Next, place one of the muscle sensors in the bottom left of the enclosure by sliding the bottom left support through the muscle sensor's mounting hole (the one near the female headers). Straighten the sensor by rotating it around the support such that its sides are parallel with the enclosures. Gently and such that you don't jostle the sensor board, slide your plastic insert onto the enclosure and hold it above the sensor. Now, look down the rectangular cutout on your insert and verify the three male headers of your sensor are directly below. If not, remove the insert, adjust the sensor position and repeat until it is in position. Once it is in position, mark the location of the muscle sensor's second mounting pin, remove the sensor, and drill the hole. 

Note: If you don't get the hole in exactly the right position, it's OK you can just widen the cutout more to compensate.

Step 4: Preparing the Top of the Project Enclosure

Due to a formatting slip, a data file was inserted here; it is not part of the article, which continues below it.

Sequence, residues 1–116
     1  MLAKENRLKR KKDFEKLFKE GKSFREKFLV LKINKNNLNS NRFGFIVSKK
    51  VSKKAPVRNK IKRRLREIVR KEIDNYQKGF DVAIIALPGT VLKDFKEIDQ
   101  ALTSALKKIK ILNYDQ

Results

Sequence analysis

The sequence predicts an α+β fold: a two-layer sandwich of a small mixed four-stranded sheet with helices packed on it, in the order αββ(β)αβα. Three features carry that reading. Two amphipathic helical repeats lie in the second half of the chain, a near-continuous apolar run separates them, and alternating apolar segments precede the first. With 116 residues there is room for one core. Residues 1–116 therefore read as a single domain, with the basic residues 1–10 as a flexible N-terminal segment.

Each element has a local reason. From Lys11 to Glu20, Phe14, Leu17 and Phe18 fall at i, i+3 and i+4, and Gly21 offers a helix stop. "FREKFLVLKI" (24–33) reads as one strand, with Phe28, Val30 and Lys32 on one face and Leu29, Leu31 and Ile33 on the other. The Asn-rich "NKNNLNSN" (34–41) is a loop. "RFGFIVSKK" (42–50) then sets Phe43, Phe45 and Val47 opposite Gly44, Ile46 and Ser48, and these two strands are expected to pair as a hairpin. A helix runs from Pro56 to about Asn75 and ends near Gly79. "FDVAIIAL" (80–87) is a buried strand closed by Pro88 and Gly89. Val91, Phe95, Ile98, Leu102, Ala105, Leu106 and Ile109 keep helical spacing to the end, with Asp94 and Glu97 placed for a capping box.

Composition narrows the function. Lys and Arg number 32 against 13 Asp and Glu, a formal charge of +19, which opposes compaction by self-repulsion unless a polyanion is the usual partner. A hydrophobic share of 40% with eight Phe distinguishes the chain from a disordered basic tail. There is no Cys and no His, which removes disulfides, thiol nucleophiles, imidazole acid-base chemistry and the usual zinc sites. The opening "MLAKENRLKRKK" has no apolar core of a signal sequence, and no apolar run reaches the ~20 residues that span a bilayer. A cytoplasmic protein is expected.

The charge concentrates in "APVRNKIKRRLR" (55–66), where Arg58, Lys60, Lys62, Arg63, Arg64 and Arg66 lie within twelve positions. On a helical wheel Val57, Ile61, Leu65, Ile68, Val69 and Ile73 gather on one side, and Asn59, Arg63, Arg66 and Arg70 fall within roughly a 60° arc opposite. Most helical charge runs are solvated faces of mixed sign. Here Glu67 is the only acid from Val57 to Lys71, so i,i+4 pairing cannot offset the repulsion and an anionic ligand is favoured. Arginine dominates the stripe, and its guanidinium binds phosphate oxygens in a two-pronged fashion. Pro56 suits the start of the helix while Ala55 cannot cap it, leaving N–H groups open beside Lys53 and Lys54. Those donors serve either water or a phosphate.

Next, you'll need to modify the top portion of the enclosure as well. Using a Dremel tool or some other cutting tool, completely cut off the reinforcement wall near the front of the enclosure (see picture). Additionally, completely cut off the two middle supports that complement the supports you cut on the bottom portion of the enclosure. These both need to be removed to give us some more head room for the muscle sensors and plastic insert.

Step 5: Soldering the Power Supply Connectors

We now need to create a way to connect the Power Supply board to each of the sensors. Grab your power supply board, the four sets of wire lengths, and the female housing and receptacles.